Zee v. AssamAnnotate this Case
336 N.W.2d 162 (1983)
Gary Van ZEE and Michael C. Thurman, Plaintiffs and Appellees, v. Fred ASSAM, d/b/a Fred Assam Real Estate, and Jake Fretty, Defendants and Appellants.
Supreme Court of South Dakota.
Argued May 24, 1983.
Decided July 6, 1983.
*163 Edwin E. Evans of Davenport, Evans, Hurwitz & Smith, Sioux Falls, for plaintiffs and appellees.
John E. Burke, Sioux Falls, for defendants and appellants; N. Dean Nasser, Jr., Sioux Falls, on brief.
This is an appeal from a judgment awarding $20,000 with interest for damages sustained by buyers in a real estate transaction and from the trial court's denial of a motion for judgment notwithstanding the verdict. We affirm in part and modify in part.
In August of 1979, Gary Van Zee and Michael C. Thurman (buyers) were approached by Jake Fretty, an employee of Fred Assam d/b/a Fred Assam Real Estate (collectively referred to herein as appellant), in connection with the purchase of some investment property in Sioux Falls, South Dakota. The property was owned by Ronald P. Shawd (seller). Pursuant to a valid real estate listing, seller listed the property for sale with appellant.
Buyers subsequently inspected the property and decided to make an offer. Knowing the seller was asking $90,000 for the property, buyers authorized appellant to offer the seller $80,000, of which $15,000 would be the down payment. Buyers also wanted seller to be responsible for one-half of the title insurance expense. Appellant conveyed this offer to seller and returned with a counteroffer accepting the $80,000 purchase price but requiring an $18,000 down payment and refusing to pay one-half of the title insurance.
Following the counteroffer, appellant and buyers discussed the new terms. Buyers were advised not to let the "title insurance thing blow the deal because it was a good deal." Appellant further advised that "title insurance would be a waste of money" and counseled that buyers should "just forget about the title insurance." Following this advice, buyers signed a written purchase agreement and made a deposit. The agreement called for an $18,000 down payment and the remainder of the $80,000 purchase price to be paid in annual installments of $5,000, plus interest at nine percent, with a balloon payment for the remainder due on January 1, 1983.
While arranging financing for the down payment, one of the buyers was advised by his banker that it was always a good policy to procure title insurance on land transactions. Later that same day, buyers delivered a check for the balance of the down payment to appellant and also requested that appellant's secretary procure title insurance for them. Buyers also signed the contract for deed, which called for an abstract of title to be duly updated and certified, reflecting merchantable title, free and *164 clear of encumbrances prior to the date of the balloon payment.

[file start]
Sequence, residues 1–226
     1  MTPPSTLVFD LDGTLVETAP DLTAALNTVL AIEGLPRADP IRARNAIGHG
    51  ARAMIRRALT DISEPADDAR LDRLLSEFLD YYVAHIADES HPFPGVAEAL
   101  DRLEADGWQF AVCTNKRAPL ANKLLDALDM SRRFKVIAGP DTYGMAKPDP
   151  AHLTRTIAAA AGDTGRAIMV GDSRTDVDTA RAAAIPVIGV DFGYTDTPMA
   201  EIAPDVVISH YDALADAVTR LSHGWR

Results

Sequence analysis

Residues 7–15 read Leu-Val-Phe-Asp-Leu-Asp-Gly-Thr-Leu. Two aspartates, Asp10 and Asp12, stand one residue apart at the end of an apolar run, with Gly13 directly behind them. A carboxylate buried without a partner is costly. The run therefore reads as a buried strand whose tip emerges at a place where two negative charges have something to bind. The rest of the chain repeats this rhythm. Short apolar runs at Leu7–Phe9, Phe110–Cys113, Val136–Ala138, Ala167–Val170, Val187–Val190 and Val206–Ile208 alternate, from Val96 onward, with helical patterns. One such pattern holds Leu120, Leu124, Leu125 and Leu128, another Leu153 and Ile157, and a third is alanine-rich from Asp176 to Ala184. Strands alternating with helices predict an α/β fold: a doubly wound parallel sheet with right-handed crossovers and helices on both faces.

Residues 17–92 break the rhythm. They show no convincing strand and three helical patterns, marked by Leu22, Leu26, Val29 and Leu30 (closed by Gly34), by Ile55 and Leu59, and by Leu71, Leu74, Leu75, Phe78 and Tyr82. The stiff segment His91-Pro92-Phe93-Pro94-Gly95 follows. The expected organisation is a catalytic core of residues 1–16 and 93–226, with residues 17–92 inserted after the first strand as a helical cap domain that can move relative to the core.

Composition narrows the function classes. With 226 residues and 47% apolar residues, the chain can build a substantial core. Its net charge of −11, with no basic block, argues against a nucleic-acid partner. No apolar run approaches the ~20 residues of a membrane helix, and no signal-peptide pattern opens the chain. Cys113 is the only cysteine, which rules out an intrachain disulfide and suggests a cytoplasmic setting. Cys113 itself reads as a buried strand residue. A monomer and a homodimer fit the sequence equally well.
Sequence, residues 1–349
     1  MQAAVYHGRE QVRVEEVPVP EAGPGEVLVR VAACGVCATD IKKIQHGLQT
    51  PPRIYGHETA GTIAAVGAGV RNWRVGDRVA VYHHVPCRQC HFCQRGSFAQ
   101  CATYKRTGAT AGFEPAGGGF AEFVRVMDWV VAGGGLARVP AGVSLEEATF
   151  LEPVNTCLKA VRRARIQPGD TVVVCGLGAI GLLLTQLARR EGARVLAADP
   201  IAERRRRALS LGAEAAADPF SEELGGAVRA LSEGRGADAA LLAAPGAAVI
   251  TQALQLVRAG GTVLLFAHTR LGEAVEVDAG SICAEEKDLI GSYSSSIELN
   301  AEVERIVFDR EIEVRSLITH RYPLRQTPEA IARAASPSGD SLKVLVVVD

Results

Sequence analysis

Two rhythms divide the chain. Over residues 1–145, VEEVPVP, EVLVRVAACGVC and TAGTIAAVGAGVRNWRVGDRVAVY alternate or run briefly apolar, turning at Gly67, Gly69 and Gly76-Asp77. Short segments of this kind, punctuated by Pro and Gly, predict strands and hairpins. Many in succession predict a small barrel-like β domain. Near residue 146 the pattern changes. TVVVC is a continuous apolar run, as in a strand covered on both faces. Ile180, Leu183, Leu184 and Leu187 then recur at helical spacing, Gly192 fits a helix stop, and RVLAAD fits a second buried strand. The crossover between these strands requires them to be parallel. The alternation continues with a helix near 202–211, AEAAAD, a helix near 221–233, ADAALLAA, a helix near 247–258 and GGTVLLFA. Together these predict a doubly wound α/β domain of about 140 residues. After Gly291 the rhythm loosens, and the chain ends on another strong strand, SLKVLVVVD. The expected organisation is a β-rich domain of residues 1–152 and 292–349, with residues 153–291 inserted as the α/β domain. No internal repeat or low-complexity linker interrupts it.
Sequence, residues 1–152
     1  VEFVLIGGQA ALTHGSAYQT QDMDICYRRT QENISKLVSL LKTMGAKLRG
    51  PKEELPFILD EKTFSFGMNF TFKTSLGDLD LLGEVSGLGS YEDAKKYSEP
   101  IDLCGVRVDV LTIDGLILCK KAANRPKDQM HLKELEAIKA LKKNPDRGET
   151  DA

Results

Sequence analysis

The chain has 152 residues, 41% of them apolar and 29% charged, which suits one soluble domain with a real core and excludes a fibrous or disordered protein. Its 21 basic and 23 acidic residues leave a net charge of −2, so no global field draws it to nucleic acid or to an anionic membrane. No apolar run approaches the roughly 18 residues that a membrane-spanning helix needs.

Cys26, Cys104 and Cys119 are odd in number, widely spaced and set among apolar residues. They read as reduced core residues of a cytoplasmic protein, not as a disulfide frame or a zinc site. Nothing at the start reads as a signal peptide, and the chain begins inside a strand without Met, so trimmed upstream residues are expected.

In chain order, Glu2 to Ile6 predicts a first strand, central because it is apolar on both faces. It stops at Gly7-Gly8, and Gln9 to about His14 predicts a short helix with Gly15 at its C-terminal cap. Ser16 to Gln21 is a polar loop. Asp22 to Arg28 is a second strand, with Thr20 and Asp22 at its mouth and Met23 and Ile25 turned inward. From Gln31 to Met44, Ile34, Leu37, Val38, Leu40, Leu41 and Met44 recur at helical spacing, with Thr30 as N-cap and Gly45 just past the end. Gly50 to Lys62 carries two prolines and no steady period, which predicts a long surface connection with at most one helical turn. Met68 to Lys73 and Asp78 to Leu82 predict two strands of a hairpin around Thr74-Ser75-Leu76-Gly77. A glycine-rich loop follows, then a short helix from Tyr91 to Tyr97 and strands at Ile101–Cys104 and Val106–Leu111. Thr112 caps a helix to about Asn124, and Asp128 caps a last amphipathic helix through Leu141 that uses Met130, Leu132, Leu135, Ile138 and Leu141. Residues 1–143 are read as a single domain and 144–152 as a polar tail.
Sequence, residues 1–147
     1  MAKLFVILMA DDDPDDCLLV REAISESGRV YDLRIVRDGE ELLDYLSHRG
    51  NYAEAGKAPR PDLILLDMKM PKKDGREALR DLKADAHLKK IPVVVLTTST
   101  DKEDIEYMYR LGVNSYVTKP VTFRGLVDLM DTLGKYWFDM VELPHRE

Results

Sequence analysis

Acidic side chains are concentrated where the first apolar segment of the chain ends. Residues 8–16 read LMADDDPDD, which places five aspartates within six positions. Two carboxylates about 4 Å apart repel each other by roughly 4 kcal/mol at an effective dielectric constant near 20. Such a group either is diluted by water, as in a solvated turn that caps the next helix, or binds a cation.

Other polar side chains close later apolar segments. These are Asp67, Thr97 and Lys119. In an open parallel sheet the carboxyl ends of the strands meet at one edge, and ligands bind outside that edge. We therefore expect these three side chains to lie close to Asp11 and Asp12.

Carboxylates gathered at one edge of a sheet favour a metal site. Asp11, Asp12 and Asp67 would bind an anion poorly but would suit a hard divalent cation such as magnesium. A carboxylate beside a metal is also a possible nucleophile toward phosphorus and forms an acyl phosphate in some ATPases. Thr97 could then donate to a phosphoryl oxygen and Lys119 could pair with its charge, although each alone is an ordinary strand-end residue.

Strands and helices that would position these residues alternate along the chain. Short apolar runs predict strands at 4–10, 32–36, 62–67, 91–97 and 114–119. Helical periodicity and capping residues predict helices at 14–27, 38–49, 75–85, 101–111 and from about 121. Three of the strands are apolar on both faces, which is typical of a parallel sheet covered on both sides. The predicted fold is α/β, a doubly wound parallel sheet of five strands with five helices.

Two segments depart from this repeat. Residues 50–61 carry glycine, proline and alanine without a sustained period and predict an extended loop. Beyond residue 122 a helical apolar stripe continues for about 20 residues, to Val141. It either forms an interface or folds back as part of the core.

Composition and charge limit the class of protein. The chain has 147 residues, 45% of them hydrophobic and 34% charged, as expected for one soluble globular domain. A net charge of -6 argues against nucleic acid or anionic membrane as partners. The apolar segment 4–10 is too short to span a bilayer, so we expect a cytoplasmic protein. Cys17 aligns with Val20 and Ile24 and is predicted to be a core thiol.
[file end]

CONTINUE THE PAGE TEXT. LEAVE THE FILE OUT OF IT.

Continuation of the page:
The title insurance preliminary commitment was returned to buyers over a month later and it showed that an interest of the National Bank of South Dakota (Bank) appeared as an encumbrance on the title. Seller had apparently purchased the land on a contract for deed and later assigned all his rights, title and interest in the contract to Bank as collateral for a loan of $27,560. Buyers confronted appellant with this information. At that point, buyers learned for the first time that seller had called Bank from appellant's office seeking permission to sell the property both prior to listing it and prior to selling it to buyers.
Aside from paying the now bankrupt seller the $18,000 down payment, buyers were required to pay Bank $27,560 in settlement of their claim, and $48,000 to the party who held the original contract for deed from seller. Thus, buyers paid $93,560 for the property which was originally sold to them for $80,000.
Buyers brought an action against appellant, seller and Bank. Seller, who had a stay from his petition in bankruptcy, and Bank were dismissed. The case against appellant was tried and a jury returned a verdict in the amount of $20,000 on the grounds of both negligence and breach of a fiduciary duty. The request for punitive damages was denied. Appellant now asks us to review the case.
Appellant presents us with five issues but we need only address three: (1) whether the trial court properly instructed the jury as to the nature of agency relationships; (2) whether the evidence was insufficient to establish an agency relationship and a breach of fiduciary duty; and (3) whether the evidence of damages entitles appellant to a remittitur. We address each in turn.
Appellant first contends the trial court erred in instructing the jury as to the requirements of an agency relationship and that the legal consequences of the breach of this relationship is negligence. There is no dispute that a written agency relationship existed between appellant and seller. The question presented to us is whether a similar relationship developed between appellant and buyers.
Whether one is an agent for another is normally a question of fact to be determined by the jury, Barnard-Giles-Moses Co. v. Christy, 41 S.D. 61, 168 N.W. 737 (1918), but before the matter may be submitted for jury determination, there must be competent evidence in the record to support it. Wolf v. Graber, 303 N.W.2d 364 (S.D.1981). In considering whether there is evidentiary support for an instruction, a reviewing court must give the evidence the most favorable construction it will reasonably bear. If there is some evidence bearing on the issue, a reviewing court will not disturb the trial court's giving of an instruction. Sandhorst v. Mauk's Transfer, Inc., 252 N.W.2d 393 (Iowa 1977).